When Doom 2016 released, it was with a fire and energy unlike anything we’d ever seen before. Oh, sure, games have been violent, and that’s nothing new, but Doom 2016 brought personality to the fray. While the characters droned on about lore nobody cared about, Doomguy understood what we were here to do: rip and tear. Together, we did just that. With the release of Doom Eternal, things have changed, and not necessarily for the better, and nowhere is this illustrated better than with an enemy known as the Marauder.
Doom Eternal is a departure from Doom 2016; if you go into it expecting a sequel to the game you’ve waited four years for, you’ll be disappointed, because while it is a sequel narratively, it makes so many changes from its predecessor that it ends up becoming an entirely different kind of game. Where Doom 2016 let you embody Doomguy, Eternal has you putting on a Doomguy costume and exploring a Doomguy theme park. Here’s a fleshy level! Here’s a weird alien level! Why are there rotating flaming chains here? Uh… because Eternal owes more to Super Mario Bros 3. than Doom 2016.
It’s weird, sure, but it’s still fun, just in a very different way. Once you get past the extremely high expectations set by 2016, you’ll find a delightfully potent mix of mechanics, movement abilities, weapons, and enemies that creates one of shooting’s best sandboxes. There’s nothing quite as thrilling as dashing past a Tyrant’s fire, leaping into the air in slow-mo, firing a grenade at an arachnotron’s turret to force him into close range combat, then landing on top of an unfortunate imp and chainsawing him in half for more ammo. It’s great! It really is… until the Marauder shows up.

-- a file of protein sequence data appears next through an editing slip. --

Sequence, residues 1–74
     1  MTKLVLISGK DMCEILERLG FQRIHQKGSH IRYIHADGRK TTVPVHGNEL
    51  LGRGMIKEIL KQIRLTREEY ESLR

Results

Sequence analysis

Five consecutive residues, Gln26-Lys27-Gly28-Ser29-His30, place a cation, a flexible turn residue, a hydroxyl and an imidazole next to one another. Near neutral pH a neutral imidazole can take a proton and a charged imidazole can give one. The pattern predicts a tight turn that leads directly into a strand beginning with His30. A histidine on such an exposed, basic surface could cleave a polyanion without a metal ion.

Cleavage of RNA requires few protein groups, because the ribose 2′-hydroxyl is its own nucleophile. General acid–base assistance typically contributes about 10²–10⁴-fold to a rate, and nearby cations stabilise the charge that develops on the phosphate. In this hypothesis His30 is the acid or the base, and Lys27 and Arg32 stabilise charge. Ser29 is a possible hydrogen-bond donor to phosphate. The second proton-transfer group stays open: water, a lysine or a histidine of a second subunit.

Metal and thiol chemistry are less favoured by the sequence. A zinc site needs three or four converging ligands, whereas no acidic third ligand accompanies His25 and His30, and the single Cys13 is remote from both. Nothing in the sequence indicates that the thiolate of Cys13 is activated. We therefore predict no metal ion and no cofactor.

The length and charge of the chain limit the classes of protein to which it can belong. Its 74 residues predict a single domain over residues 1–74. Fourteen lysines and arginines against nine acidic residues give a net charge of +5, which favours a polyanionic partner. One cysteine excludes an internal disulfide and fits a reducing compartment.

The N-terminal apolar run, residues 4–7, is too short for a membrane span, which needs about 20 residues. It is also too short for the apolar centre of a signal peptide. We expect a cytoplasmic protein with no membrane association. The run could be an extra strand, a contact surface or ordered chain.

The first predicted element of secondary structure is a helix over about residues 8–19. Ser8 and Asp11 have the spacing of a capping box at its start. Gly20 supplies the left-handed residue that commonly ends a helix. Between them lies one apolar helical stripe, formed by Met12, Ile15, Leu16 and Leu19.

In theory, the Marauder is supposed to be the Anti-Doomguy; fighting him should feel like a duel. He has a shield you can’t break, summons adds constantly to fight you, reacts incredibly fast to your actions, and has a hitscan weapon with a minimal tell. He isn’t hard to beat—I’ve killed him in a matter of seconds—but he breaks every single one of Eternal’s rules. He sucks all the fun out of the room. He goes against the flow of Doom’s combat, and he’s the reason I have zero interest in playing more Doom Eternal.
Let’s take a step back and talk about what makes Doom, as a series, so interesting.
In the Beginning..
In 1993, id released Doom, and a whole lot of game developers started making first person shooters so similar that people took to calling the genre “ Doom clones.” But, as with anything that’s remotely successful, most of the clones didn’t quite nail what made the original as good as it was, either due to a lack of understanding or for a desire to experiment with something new.
Doom was a game all about movement, first and foremost. If an imp throws a fireball at you, you step to the side to avoid damage; because the imp’s fireball has a visible travel time, it’s easy to understand and try to avoid. The rocket launcher’s splash damage does self-damage, so it’s important to keep as much distance between you and your enemies as possible when using it.
On the surface, this sounds pretty simple; we’ve taken a lot of these elements for granted, and in some cases, they’ve changed over the years, sometimes for the worst. Take shotguns; in Doom, spread determined power, so distance directly correlated with damage. In more recent shooters, some designers use tools like damage falloff, meaning that even if every one of your pellets hit, your shotgun might as well be shooting confetti outside of its effective range.
Doom’s elegance is the way that each component of its design, in terms of both weapon utility and enemy ability has a distinct, understandable purpose, and all of those components work together in a way that encourages players to move, but it wasn’t just the monsters or the weapons, it was the level design as well.